## understanding uncertainty

One in nine women will get breast cancer in her lifetime, and it seems sensible to screen women for breast cancer to treat them as early as possible. But, as **David Spiegelhalter** explains, screening is a controversial issue.

On May 22nd 2009 the English Premier league had one more match day ahead, with West Bromwich Albion at the bottom of the league and Manchester United at the top, sure to remain there. Taking up a challenge from a BBC radio programme, **David Spiegelhalter**and **Yin-Lam Ng** used their statistical finesse to predict the outcome of the last matches — and they were 90% correct. Find out how they did it.

Would you prefer a game with a 90% chance of winning, or one with a 10% chance of losing? You might scratch your head and say it's the same thing, and you'd be right, but research has shown that people's perception of risk is surprisingly vulnerable to the way it's presented. In this article **David Spiegelhalter** and **Mike Pearson** explore how risk can be spun and there's an interactive animation for you to have a go yourself.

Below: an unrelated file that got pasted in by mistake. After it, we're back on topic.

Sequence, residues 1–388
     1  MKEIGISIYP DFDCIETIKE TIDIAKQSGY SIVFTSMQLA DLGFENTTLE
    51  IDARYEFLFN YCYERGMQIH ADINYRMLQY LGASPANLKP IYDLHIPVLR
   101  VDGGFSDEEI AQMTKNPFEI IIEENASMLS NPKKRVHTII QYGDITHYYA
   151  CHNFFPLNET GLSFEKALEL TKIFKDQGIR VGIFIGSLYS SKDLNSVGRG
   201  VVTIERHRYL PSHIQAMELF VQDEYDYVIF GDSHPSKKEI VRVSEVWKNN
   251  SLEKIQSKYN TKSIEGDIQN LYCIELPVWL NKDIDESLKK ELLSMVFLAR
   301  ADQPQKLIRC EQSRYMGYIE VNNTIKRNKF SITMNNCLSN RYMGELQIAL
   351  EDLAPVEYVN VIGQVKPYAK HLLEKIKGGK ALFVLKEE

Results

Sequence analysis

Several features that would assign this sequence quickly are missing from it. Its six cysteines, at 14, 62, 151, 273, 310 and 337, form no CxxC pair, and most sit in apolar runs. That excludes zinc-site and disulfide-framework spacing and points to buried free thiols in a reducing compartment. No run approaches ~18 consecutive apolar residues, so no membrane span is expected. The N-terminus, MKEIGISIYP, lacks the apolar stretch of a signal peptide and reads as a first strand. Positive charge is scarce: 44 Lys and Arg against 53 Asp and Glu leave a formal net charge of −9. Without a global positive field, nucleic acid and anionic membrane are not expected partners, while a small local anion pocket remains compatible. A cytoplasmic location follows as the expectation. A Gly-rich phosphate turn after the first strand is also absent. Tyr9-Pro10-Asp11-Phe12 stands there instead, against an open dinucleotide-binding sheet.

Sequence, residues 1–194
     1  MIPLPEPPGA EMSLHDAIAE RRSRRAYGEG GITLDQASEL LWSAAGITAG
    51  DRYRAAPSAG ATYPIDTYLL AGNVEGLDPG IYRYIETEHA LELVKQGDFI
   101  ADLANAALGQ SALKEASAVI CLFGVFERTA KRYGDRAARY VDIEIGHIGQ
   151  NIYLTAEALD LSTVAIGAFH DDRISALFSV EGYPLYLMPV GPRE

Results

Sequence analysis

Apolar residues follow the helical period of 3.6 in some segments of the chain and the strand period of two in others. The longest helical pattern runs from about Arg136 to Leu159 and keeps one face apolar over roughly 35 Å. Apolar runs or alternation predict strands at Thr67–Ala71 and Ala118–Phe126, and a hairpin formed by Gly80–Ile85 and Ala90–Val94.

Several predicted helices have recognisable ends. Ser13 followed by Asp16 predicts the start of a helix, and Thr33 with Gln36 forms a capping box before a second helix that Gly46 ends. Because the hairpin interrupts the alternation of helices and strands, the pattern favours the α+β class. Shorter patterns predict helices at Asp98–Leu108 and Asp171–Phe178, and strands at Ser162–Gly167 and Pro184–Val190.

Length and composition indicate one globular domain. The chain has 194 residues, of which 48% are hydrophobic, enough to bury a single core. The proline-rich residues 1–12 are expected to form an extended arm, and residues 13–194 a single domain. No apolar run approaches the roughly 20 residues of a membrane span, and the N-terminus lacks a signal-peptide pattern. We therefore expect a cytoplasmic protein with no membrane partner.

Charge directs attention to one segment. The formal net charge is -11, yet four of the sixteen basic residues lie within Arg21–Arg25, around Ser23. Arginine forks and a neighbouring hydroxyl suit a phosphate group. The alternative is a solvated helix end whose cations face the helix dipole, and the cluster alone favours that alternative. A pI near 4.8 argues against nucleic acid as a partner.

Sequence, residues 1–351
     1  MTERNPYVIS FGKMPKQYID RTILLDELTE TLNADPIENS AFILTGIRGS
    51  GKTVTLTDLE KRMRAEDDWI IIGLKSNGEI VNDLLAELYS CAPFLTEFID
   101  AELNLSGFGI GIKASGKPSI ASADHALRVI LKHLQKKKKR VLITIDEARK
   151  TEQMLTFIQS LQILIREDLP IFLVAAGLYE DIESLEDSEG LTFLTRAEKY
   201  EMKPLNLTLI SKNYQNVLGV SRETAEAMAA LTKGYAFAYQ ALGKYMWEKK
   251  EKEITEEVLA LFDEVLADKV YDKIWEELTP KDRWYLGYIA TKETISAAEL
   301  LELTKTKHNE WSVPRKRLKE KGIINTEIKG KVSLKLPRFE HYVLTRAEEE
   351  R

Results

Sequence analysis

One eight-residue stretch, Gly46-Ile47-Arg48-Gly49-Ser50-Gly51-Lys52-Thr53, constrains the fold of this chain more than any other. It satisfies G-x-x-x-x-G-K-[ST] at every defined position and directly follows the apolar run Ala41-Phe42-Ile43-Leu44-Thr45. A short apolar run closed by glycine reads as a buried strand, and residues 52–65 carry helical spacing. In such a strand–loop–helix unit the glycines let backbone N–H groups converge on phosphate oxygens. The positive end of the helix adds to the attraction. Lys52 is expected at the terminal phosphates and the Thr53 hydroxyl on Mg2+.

This may seem like an odd question — after all, he’s won — but it opens up some deep philosophical issues surrounding probability. **David Spiegelhalter** investigates how probability can be defined.

Well, no-one knows exactly, but using stats you can make a good guess. This article tells you how and has an interactive life expectancy calculator. Do you dare to find out?

You meet an old friend on holiday, you find your colleague shares your birthday, you win the lottery. Exactly how rare are these rare events? David Spiegelhalter investigates in his regular column on uncertainty and risk.

This is the second part of our new column on risk and uncertainty. David Spiegelhalter, Winton Professor for the Public Understanding of Risk at the University of Cambridge, continues examining league tables using the Premier League as an example. Find out just how much — or how little — these simple rankings can tell you.

League tables are controversial and for good reason. Few things are simple enough to be measured by a single outcome like, for example, the number of exam passes or successful heart operations. But even if we do accept a single yardstick, we haven't yet reckoned with chance, which by itself can produce apparent patterns to delight any tabloid editor.

**David Spiegelhalter**, Winton Professor for the Public Understanding of Risk, gives

*Plus*his take on uncertainty.